The high-profile AI chatbot ChatGPT from OpenAI is such a threat to Google’s core business, The New York Times reported Friday, that the company’s co-founders are getting back in touch with the search giant.
In November, the startup OpenAI released ChatGPT. Within a few days, more than a million people were asking it all kinds of questions and making all kinds of requests. The artificial intelligence system has been trained on a lot of text from the internet. It can now answer questions, write essays, write computer programs, and come up with all kinds of information.
ChatGPT can sound like it knows what it’s talking about, but it’s not always right, and you can’t tell where it gets its answers. It’s impressive enough to go viral on the internet, and it’s useful enough that Google is said to have responded to ChatGPT with a “code red.”
The Times reported that Google co-founders Larry Page and Sergey Brin are now looking into the issue at the request of Sundar Pichai, the CEO of Google’s parent company Alphabet. In 2019, they had mostly stopped running the day-to-day business.
Google has a similar AI system called PaLM, but it isn’t available to the public yet. It was also one of the first AI programs to use “transformer” technology, which is at the core of big language models like PaLM and OpenAI’s ChatGPT foundation, GPT-3. In a blog post this week, the company summed up some of the ways Google uses AI, from suggesting email replies to putting ads in the right places.
Google didn’t say anything about what the co-founders did or what they thought about ChatGPT. But company spokeswoman Lily Lin said the company cares about making sure AI is used safely.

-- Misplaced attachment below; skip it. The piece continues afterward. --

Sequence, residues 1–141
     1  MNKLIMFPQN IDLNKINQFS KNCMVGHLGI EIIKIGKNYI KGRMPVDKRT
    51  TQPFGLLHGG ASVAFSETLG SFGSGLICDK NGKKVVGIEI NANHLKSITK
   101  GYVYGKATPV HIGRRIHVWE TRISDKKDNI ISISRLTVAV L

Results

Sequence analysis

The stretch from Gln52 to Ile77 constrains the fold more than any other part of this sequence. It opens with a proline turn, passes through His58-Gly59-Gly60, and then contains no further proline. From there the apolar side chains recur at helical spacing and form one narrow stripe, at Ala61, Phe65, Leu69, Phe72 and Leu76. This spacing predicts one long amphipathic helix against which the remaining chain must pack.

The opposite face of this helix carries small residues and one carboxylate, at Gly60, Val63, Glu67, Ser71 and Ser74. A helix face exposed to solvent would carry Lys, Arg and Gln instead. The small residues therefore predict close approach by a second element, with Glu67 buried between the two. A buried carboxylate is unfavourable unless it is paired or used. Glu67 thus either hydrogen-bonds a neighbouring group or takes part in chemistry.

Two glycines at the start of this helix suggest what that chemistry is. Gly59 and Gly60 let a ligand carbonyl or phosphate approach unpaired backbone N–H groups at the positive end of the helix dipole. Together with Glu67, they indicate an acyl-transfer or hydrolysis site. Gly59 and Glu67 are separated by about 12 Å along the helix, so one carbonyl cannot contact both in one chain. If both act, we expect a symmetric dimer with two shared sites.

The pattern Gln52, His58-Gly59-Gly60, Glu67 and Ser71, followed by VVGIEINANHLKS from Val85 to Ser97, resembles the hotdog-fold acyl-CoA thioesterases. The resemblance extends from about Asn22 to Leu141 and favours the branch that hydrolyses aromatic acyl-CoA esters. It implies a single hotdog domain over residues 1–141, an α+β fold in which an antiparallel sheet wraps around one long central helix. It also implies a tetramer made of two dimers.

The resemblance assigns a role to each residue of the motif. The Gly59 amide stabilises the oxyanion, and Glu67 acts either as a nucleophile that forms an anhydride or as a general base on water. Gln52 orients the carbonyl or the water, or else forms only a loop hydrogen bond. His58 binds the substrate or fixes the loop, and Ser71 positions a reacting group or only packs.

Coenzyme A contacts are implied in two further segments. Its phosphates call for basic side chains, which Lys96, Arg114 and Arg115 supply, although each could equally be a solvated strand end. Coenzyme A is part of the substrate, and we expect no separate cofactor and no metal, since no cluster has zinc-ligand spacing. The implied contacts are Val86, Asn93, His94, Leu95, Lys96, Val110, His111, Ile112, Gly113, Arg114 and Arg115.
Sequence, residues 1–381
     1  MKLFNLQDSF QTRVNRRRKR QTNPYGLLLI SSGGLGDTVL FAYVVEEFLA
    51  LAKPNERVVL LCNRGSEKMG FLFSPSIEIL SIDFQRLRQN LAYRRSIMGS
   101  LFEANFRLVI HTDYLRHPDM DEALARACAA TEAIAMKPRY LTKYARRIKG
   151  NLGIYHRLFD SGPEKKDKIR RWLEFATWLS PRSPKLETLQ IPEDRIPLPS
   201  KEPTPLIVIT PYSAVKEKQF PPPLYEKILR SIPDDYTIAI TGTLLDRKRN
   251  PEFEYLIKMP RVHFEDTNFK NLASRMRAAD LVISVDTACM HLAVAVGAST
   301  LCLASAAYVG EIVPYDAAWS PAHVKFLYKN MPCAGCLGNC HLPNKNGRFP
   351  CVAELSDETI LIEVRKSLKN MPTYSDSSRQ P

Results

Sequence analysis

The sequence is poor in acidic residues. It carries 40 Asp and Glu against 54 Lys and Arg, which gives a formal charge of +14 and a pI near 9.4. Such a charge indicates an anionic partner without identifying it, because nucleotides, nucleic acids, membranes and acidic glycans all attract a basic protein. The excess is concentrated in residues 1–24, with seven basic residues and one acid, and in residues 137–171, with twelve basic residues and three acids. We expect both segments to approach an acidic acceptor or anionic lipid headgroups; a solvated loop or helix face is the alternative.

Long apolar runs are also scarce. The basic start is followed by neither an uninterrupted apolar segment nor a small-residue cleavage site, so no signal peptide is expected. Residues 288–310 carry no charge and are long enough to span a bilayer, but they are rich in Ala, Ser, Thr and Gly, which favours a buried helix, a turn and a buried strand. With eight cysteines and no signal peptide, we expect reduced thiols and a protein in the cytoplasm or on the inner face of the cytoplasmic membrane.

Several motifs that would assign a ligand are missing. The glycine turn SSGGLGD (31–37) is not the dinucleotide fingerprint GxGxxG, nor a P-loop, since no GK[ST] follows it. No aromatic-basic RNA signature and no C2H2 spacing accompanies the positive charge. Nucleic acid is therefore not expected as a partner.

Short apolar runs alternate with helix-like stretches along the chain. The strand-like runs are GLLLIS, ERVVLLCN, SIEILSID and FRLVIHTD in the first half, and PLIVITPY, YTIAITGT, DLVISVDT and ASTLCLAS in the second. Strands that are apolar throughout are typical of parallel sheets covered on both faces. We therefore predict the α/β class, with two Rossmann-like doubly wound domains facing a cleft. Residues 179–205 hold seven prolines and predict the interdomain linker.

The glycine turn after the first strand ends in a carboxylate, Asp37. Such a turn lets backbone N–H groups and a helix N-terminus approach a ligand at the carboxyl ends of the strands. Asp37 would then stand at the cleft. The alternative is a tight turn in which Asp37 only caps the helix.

“We think AI is a foundational and transformative technology that is very useful for people, businesses, and communities,” Lin said. “As our AI Principles explain, we need to think about how these innovations can affect society as a whole.” “We’re still testing our AI internally to make sure it’s useful and safe, and we’re looking forward to sharing more of our experiences with the outside world soon.”
Gene Munster, an analyst at Loup Ventures, thinks that ChatGPT, GPT-3, and large language models are a threat to Google in the market.
“These LLMs could be built into the back end of many of the tech services we use in the future,” Munster said in a report on Friday. “This is a result that could be bad for Google in the long run.”
He thought, though, that Google would be able to handle the threat in the end. Google has “more than enough money to fund investments that will lead to a ChatGPT competitor” because it has four services with more than a billion users each and makes $60 billion a year from searches.